Rebleeding is a major problem following aneurysmal SAH. In the first 28 days (in untreated patients), approximately 30% of patients would rebleed; of these 70% die. In the following few months the risk gradually falls off but it never drops below 3.5% per year.
Percentage chance of rebleeding per year, in the subsequent decade
Days since first bleed Years since first bleed
Adapted from Winn, Richardson, Jane 1977 Annals of Neurology
If, for example, a patient survives the first 30 days after a bleed, there is still a 20% chance of a rebleed occurring in the next 5 months. Even if patients survive the 'high risk' period in the first 6 months, there is still a considerable chance of rebleeding and death in the subsequent years.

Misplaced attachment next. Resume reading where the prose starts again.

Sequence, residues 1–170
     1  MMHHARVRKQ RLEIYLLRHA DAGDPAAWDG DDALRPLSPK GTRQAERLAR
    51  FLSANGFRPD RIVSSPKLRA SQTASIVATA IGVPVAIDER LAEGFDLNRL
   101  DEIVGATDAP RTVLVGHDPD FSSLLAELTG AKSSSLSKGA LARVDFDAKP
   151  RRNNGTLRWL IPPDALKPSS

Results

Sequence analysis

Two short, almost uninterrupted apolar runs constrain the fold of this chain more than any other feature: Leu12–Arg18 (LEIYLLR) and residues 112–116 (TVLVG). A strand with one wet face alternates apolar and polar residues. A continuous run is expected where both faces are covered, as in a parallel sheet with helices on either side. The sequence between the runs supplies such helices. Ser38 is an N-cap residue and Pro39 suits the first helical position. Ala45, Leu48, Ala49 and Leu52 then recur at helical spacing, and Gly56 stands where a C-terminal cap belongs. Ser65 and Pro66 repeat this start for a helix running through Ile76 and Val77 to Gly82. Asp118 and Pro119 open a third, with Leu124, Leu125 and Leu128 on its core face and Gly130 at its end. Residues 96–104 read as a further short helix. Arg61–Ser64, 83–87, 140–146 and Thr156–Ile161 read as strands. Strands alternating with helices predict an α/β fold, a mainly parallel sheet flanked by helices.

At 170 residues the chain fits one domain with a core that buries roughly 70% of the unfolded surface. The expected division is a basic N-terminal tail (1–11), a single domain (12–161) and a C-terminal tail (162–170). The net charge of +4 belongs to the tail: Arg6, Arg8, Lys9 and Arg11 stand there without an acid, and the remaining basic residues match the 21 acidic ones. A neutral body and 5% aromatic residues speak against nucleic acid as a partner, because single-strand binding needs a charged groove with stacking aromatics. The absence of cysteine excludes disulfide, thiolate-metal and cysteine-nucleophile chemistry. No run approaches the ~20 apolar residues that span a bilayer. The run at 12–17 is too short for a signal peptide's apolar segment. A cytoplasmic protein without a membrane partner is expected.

The clinical picture of rebleeding is that of SAH, but usually the effects are more severe than the initial bleed. Most patients lose consciousness; the risk of death from a rebleed is more than twice that from the initial bleed.
All patients deteriorating suddenly require a CT scan. This helps in establishing the diagnosis of rebleeding and excludes a remediable cause of the deterioration, e.g. acute hydrocephalus.
Percentage chance of rebleeding within first
6 months of the ictus
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